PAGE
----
Inciting Religious War

Donald Trump is a clear and present danger to the republic, and the mainstream press is still missing the plot.

Here’s the money quote of what he said last night to a gathering of evangelical religious leaders hypocrites once the press was gone:

“The level of hatred, the level of anger is unbelievable…Part of it is because of some of the things I’ve done for you and for me and for my family, but I’ve done them,” he said, per NBC News. “This Nov. 6th election is very much a referendum on not only me, it’s a referendum on your religion, it’s a referendum on free speech and the First Amendment….They will overturn everything that we’ve done and they’ll do it quickly and violently, and violently” if the GOP loses, Trump said, per the report. “There’s violence. When you look at Antifa and you look at some of these groups — these are violent people.”

Here’s The New York Times thoughtful, considered headline for their report on this speech:

Trump Privately Urges Pastors to Help Him From the Pulpit in Midterms

And here’s its lede:

WASHINGTON — In remarks to evangelical ministers in the White House State Dining Room on Monday night, President Trump spoke in high-minded tones about religious liberty, abortion and youth unemployment. He noted a John Adams quote carved into the room’s fireplace: “I pray heaven to bestow the best of blessings on this house.”

But once reporters and television cameras were ushered out of the room, Mr. Trump turned to the more pragmatic concerns of how evangelical leaders can use their pulpits to help Republicans win in the midterm elections, according to an audiotape of his remarks provided to The New York Times by someone who attended the event.

Michael D. Shear, the author of the Times story, only takes notice of Trump’s claims that a Democratic victory in November will spark a violent attack on self-styled Christians in paragraph 18.

To be clear: the president’s assertion that his opponents are violent criminals is a pre-emptive justification for violence against them — us. In the context he uses, the alleged threat to a certain religious group or set of views, it is a pre-emptive justification for a religious war.  It is, as usual, a de-humanizing of political opposition: his people are good, folks of faith. His antagonists and theirs are haters, prone to violence and too angry to reason with.  This is how dictators frame those they want to unperson.  This is Trump, and his base.

And yet, somehow, the finest journalistic minds of our generation (just ask them) can’t seem to recognize what’s actually going on.  It’s a mystery — and I’m not being sarcastic.  Shear and his colleagues are way higher up Trump’s enemies list than I am likely to be, and they don’t see it.  Given the role The New York Times plays in our polity, that puts us all in real danger; them first.

Image: Philippe de Champaign, Triple Portrait of Cardinal Richelieu, c. 1642. It’s deeply unfair to associate that subtle and effective political churchman with the bozos on either side of the podium at Monday’s event — but you have to admit it’s a hell of a painting.



America is Not a Theocracy and Attorney General Sessions and The White House Press Secretary Don’t Know Anything About the Bible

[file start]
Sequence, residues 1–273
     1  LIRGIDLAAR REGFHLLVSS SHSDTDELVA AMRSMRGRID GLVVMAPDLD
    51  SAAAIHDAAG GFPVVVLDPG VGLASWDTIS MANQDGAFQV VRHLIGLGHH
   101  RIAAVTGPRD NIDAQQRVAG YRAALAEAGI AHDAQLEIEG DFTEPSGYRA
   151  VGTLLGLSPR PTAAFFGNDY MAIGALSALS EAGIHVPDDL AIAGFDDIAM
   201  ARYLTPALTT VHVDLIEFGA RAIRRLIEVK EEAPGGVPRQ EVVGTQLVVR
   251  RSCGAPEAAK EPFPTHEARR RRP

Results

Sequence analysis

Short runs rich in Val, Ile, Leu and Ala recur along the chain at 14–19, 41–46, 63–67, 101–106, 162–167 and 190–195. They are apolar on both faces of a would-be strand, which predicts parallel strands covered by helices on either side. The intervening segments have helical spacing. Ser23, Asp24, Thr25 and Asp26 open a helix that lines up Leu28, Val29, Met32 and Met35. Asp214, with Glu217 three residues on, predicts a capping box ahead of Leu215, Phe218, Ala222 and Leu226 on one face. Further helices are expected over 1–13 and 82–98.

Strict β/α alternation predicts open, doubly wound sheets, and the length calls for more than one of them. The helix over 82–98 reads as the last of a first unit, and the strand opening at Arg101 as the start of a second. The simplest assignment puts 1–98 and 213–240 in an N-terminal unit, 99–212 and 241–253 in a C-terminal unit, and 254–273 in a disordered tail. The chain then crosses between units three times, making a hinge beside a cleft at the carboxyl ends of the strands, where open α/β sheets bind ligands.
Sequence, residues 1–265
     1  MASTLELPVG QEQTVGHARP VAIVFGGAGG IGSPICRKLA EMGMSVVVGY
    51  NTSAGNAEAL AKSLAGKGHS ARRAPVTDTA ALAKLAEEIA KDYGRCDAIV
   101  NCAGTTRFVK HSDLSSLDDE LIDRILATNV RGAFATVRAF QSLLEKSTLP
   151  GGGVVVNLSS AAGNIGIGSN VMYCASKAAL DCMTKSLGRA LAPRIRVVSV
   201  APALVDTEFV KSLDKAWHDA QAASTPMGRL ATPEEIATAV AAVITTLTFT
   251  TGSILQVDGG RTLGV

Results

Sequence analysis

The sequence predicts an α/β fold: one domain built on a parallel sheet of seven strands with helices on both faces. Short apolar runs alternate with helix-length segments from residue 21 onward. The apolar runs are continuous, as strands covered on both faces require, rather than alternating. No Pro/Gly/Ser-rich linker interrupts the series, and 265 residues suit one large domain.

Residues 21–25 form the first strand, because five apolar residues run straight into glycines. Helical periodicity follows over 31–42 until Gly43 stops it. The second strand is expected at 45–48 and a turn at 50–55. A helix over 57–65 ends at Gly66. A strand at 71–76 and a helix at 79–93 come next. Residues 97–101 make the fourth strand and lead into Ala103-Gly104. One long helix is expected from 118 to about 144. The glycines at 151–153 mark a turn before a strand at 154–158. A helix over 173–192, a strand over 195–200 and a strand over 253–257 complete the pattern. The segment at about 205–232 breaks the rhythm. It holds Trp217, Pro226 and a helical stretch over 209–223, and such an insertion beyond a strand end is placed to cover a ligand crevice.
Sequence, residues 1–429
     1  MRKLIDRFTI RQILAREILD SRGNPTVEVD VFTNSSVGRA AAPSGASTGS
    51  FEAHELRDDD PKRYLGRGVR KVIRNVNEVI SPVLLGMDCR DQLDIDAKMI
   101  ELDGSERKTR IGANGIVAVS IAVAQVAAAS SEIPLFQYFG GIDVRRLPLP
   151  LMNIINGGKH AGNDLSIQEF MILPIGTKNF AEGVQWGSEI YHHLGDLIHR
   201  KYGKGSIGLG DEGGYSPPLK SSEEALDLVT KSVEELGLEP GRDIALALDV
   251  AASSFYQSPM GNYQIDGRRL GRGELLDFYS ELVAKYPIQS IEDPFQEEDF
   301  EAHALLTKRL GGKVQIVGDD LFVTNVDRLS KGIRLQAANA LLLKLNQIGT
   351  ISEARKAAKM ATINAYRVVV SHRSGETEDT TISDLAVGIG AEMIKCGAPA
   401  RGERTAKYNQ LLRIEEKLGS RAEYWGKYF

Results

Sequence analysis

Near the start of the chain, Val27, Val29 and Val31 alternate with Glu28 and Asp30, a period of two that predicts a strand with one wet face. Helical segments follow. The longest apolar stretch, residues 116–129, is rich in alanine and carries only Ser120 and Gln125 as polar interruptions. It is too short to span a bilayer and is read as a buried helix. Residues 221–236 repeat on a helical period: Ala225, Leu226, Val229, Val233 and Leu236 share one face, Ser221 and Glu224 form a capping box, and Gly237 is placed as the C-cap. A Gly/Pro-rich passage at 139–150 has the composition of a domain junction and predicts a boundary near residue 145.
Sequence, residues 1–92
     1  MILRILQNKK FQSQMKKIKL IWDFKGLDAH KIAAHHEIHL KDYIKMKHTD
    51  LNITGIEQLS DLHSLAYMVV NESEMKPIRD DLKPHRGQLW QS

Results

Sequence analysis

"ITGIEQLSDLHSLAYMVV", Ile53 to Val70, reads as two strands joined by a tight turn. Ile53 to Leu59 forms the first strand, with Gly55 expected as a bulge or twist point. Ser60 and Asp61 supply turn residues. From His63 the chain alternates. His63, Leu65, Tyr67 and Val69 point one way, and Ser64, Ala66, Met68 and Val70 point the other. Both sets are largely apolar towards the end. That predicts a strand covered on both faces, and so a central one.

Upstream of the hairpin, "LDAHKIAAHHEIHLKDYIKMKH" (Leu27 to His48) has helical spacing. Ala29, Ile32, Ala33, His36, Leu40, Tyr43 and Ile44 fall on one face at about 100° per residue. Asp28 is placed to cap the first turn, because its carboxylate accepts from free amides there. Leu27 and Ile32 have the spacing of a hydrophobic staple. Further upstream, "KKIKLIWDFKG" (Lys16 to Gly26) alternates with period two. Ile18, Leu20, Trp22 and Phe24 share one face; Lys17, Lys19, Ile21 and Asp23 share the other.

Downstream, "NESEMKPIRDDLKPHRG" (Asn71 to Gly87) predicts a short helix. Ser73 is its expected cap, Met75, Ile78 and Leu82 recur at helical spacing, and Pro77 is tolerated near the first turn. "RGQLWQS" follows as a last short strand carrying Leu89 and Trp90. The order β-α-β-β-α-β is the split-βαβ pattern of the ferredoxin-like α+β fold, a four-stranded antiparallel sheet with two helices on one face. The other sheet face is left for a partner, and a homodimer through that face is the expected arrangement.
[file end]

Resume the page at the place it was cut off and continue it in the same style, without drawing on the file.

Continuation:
As BettyC mentioned earlier, both Attorney General Sessions and Sarah Huckabee-Sanders, the White House Press Secretary, decided to take their religion out and wave it around in everyone’s faces today. This was done to justify the change in policy that the President, via Attorney General Sessions, made in 2017 that children will be separated from their parents if they either present themselves for asylum or enter the US without documentation. The White House Press Secretary defaulted to the more generic argument that throughout the Bible it is asserted that laws should be followed.  The Attorney General decided to (mis)apply Romans 13 to justify the unjustifiable.

Pat Robertson’s pet Trump spirituality translator for evangelical Christians, David Brody, was dispatched to provide support.

Given that Jeff Sessions is a small minded, racist, bigoted, homophobic, xenophobic, unreconstructed Confederate, and anyone who is trying t0 profit off of conning evangelical Christians into believing that the President is both a man of devout faith and a tool of the Lord, probably isn’t much better, it should be no surprise that they went with the favorite biblical exhortation of those who were pro-slavery prior to the Civil War.

Fortunately the Bible provides believers with very, very specific instructions about how to treat strangers.

Mentioned no fewer than 36 times throughout Scripture, the Torah’s exhortations on the treatment of the stranger often appear with a companion explanation: Heed the stranger’s treatment because “you know the feelings of a stranger, for you were strangers in the land of Egypt” (Exodus 23:9).

And the over thirty-six commandments (yep, there are more than 10…) about how to treat strangers bears directly on the immigration debates in the US in 2018. Especially for those like the Attorney General, David Brody, and the White House Press Secretary who cite scripture to cover their wickedness. (emphasis mine below)

In his just published book, Justice for All: How the Jewish Bible Revolutionized Ethics, biblical scholar Jeremiah Unterman writes that “…it is startling that the legal portions of the Torah contain more than fifty references to the resident stranger….”